Broker Puja Gupta’s phone has been ringing off the hook since that announcement, with many drivers seeking clarification.
“I have been receiving lots of queries regarding the eligibility of their life and health insurance coverage across the border and out of province,” Gupta said in an email.
She said many drivers are worried about expenses such as premiums and lease payments.
Insurance companies are offering deferrals, but with no loads, payments even at a later date would not be easy, Gupta said.
“Many truckers have parked their units and removed road coverage. This trend is also seen in their personal vehicles as families are confined to homes,” she added.
Learners in limbo
Schools providing commercial driver training have also been hit hard.
Although they can remain open during the fight against the pandemic, school owners say it is not possible to operate under present circumstances, with social distancing being the norm.
That means hundreds of students enrolled in learning schools across the province are in limbo.
“There are some students who quit their jobs in order to pursue a trucking career,” said Raj Walia, president of Trukademy, a training school based in Mississauga.
“I really feel for the students… They were learning it, and suddenly the schools are shut down.”
He said Trukademy had 15 students at the time of the closure.
All DriveTest centers, which have been providing driver examination services, are also closed.
Jay Pootha, founder of Jay’s Professional Truck Training Centre in Scarborough, Ont., said some 60 students and 10 staff have been affected by the closure of his school.
Pootha said talks are underway with the Ministry of Transportation and the operator of DriveTest centers on safety measures that could allow the resumption of road tests.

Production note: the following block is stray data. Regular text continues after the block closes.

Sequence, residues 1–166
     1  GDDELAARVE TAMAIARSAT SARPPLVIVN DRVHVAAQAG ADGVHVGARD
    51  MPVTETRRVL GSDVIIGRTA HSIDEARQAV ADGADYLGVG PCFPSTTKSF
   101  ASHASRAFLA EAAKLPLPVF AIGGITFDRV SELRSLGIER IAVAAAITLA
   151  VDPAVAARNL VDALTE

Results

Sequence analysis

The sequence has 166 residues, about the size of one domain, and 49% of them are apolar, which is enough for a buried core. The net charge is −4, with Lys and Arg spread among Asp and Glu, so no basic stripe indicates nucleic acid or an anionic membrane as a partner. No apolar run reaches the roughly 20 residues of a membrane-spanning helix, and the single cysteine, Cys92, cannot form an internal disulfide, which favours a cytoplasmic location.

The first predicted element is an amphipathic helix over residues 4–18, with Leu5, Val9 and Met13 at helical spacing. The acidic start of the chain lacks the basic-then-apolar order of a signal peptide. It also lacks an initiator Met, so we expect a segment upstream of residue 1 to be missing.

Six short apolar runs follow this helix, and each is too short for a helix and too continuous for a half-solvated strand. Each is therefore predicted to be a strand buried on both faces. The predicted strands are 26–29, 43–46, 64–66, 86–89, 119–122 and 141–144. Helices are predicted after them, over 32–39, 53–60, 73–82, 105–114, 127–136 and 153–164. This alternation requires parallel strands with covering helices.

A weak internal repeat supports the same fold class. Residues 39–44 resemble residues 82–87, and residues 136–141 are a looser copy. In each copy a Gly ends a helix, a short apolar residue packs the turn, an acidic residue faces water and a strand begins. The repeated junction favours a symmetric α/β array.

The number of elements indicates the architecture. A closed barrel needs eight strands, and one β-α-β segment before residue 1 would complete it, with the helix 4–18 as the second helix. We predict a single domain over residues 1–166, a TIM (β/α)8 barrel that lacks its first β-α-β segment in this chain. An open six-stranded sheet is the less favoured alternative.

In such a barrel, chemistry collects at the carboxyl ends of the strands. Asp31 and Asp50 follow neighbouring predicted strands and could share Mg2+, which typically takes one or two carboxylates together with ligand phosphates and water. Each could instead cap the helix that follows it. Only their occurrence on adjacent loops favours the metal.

He said they were discussing installation of in-cab safety barriers such as plexiglass between the student and examiner/instructor.
“The closure is having a heavy financial impact on us. I hope this thing will be over soon,” Pootha said.
Towing business tanks
Another business that has been badly affected by the economic downturn is commercial towing.
“The business is down 70% because the number of trucks on the roads are down,” said Jassi Sarai, owner of SD Towing of Mississauga.
Of the 12 trucks the company has, only two are in service on any given day now, he said.
On the brighter side, accidents are down too, and Sarai was quick to attribute that to a sharp decline in the number of cars on the highways as most people work from home.
“There is a message here, and that is most accidents are actually caused by the smaller vehicles, and not trucks,” he said.
“People always think it is the bigger unit that causes the crashes.”
Although truck repair shops fall under the essential-business category, some are operating reduced hours, or on only on an emergency basis.
“Our shop is not open to the public right now,” said Surjit Johal, owner of Diesel Truck Centre in Mississauga.
“We are following public health guidelines on this. We want to make sure that everybody’s safe,” he said.
By Abdul Latheef